- Ghana participates in UN peacemaking and peacekeeping operations, which led to the opening of the Kofi Annan International Peacekeeping Training Centre in Ghana.
- Both countries share similar views on the reform of the UNSC with regard to the setting up of the Human Rights Council and the Peace Building Commission, as well as African representation in all the decision-making organs of the UN.
- As developmental states Ghana and South Africa share similar developmental challenges including the improvement of living conditions of all their people in line with the millennium development goals, climate change and energy security.
- South Africa has partnered with several other African countries - Botswana, Ghana, Kenya, Madagascar, Mauritius, Mozambique, Namibia and Zambia - in the bid to host the Square Kilometer Array (SKA). Africa’s bid proposes that the core of the mega telescope be located in an arid area of the Northern Cape, with about three antenna stations in Namibia, four in Botswana and one each in Ghana, Kenya, Mozambique, Mauritius, Madagascar, Namibia and Zambia.
President Jacob Zuma will visit the Republic of Burundi from 11 to 12 August 2011. Between 2003 and 2005 the President (then Deputy President) played a leading role in Burundi's peace process. In 2009, the South Africa National Defence Force successfully completed their peacekeeping mission, Operation Curriculum, to Burundi.
South Africa remains committed to the stability of Burundi to ensure growth and socio-economic development in the Great Lakes Region.
- South Africa remains committed to peace building efforts in Burundi with a view that sustainable development must be premised on negotiations and a peaceful resolve where all parties take collective responsibility.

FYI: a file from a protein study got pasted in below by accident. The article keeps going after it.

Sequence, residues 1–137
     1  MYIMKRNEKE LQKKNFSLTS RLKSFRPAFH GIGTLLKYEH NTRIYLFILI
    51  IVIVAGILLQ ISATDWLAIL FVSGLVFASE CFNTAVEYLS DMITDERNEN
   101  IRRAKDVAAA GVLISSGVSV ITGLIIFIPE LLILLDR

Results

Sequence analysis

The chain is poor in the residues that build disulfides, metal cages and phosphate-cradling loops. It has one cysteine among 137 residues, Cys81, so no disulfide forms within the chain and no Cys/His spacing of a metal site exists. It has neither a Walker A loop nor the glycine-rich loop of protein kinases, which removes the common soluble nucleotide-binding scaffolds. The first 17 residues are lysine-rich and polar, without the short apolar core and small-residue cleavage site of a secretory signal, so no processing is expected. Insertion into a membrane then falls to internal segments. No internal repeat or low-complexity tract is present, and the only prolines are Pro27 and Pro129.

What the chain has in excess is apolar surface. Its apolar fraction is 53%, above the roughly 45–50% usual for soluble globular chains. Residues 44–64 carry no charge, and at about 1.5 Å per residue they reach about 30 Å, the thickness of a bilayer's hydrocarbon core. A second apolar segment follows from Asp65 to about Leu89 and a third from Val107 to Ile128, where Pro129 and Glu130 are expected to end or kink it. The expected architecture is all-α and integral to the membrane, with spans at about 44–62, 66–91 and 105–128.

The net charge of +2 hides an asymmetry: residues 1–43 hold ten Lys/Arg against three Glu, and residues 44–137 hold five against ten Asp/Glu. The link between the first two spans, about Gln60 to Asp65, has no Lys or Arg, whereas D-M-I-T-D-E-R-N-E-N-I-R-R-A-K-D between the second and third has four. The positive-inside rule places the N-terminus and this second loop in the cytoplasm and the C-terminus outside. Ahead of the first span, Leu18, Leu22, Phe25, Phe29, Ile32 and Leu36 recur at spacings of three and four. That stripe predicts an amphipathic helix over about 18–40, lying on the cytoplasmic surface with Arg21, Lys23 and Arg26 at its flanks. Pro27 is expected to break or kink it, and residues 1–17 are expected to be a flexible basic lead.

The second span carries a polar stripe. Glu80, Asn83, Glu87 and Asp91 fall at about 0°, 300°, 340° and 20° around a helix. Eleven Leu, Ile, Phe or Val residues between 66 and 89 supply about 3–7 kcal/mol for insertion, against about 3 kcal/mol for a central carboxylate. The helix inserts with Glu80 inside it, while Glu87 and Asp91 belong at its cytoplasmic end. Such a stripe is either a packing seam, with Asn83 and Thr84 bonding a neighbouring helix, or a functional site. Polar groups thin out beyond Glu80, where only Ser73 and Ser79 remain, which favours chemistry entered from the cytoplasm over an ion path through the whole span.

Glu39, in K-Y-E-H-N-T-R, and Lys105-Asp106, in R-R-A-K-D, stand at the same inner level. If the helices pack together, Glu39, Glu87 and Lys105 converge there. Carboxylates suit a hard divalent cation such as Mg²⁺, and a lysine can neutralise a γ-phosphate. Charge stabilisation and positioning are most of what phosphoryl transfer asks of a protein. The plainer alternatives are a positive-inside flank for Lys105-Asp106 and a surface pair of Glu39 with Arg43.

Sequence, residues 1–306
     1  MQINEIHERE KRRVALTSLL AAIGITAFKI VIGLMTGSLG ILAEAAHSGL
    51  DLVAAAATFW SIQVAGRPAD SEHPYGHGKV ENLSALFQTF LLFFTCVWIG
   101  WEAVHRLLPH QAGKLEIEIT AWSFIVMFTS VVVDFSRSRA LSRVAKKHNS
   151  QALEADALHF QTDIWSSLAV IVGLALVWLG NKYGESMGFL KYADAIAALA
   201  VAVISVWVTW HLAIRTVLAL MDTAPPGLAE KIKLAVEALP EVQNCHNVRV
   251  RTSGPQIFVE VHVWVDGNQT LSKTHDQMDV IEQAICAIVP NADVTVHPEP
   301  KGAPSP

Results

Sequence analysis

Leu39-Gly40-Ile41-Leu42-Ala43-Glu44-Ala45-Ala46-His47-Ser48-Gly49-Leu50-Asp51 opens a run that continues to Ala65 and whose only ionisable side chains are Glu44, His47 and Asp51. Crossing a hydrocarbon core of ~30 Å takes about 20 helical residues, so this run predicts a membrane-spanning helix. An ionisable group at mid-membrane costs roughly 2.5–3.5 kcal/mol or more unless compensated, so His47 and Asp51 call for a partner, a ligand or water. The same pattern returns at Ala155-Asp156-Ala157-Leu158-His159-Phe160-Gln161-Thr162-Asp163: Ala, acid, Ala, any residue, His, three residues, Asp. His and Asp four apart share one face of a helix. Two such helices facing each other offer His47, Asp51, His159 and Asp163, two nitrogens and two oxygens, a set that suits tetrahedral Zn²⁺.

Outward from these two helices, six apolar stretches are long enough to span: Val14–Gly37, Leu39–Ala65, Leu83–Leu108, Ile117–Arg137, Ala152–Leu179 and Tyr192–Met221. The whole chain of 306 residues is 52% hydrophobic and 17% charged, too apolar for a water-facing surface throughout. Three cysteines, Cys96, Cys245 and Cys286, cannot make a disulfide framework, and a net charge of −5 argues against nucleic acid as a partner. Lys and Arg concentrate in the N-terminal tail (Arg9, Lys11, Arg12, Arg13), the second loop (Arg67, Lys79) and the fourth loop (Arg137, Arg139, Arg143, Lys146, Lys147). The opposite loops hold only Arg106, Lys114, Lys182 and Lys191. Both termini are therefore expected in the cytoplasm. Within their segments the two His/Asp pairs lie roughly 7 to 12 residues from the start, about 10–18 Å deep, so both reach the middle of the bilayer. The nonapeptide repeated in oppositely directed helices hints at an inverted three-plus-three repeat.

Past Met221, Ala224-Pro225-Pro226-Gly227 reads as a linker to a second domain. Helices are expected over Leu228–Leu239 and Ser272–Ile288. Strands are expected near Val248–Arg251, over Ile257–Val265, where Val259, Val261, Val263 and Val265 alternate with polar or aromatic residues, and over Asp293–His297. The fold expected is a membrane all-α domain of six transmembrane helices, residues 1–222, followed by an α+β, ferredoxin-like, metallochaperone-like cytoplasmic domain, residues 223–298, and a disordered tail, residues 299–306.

- The prosperity of the continent is determined by the stability across regions, it is important to contain conflict by speedily addressing issues.
- South Africa advocates conflict resolution to be accompanied by post-conflict reconstruction and development (PCRD). South Africa aided Burundi in the development and functionality of their state organs and democratic institutions.
- During the state visit, South Africa will identify areas where the country can offer further assistance as a successful PCRD Programme is fundamental for Burundi’s sustainable development.
South Africa aims to forge closer political and economic alliances with Burundi, which will be mutually beneficial.
- Burundi is an important trading partner to South Africa with exports to the country totalling over R65 263 000 in 2010.
- South Africa remains committed to strengthening economic relations with Burundi by creating an environment, which is conducive to improve and increase trade.
- South Africa plans to balance trade between the two countries by accessing new trade opportunities in Burundi during this visit.
- Burundi is a key partner in various fields.
To further strengthen the relationship, the following bilateral agreements are expected to be signed during the visit:
- the Department of Agriculture, Forestry and Fisheries is expected to sign a Bilateral Cooperation Agreement on agriculture and livestock
- the Department of Trade and Industry is expected to sign an Economic and Technical Cooperation Agreement
- the Department of Higher Education and Training is expected to sign an Education Cooperation Agreement
- the Department of Defence is expected to sign a Defence Cooperation Agreement
- Sport and Recreation SA is expected to sign a Sport Cooperation Agreement.
The Republic of Namibia will hand over the chairpersonship of the SADC to the Republic of Angola during the 31st Ordinary Summit of SADC Heads of State and Government in Luanda, Angola from 17 to 18 August 2011. This summit will also see South Africa assume the chair of the SADC Organ on Politics, Defence and Security.
South Africa is committed to address the political challenges facing member states to ensure a peaceful and prosperous region.
- South Africa will continue to use its concurrent membership of the United Nations Security Council (UNSC), African Union Peace and Security Council and the SADC Organ on Peace and Security, to align the work of the UNSC and regional bodies to facilitate more effective conflict resolution in the region.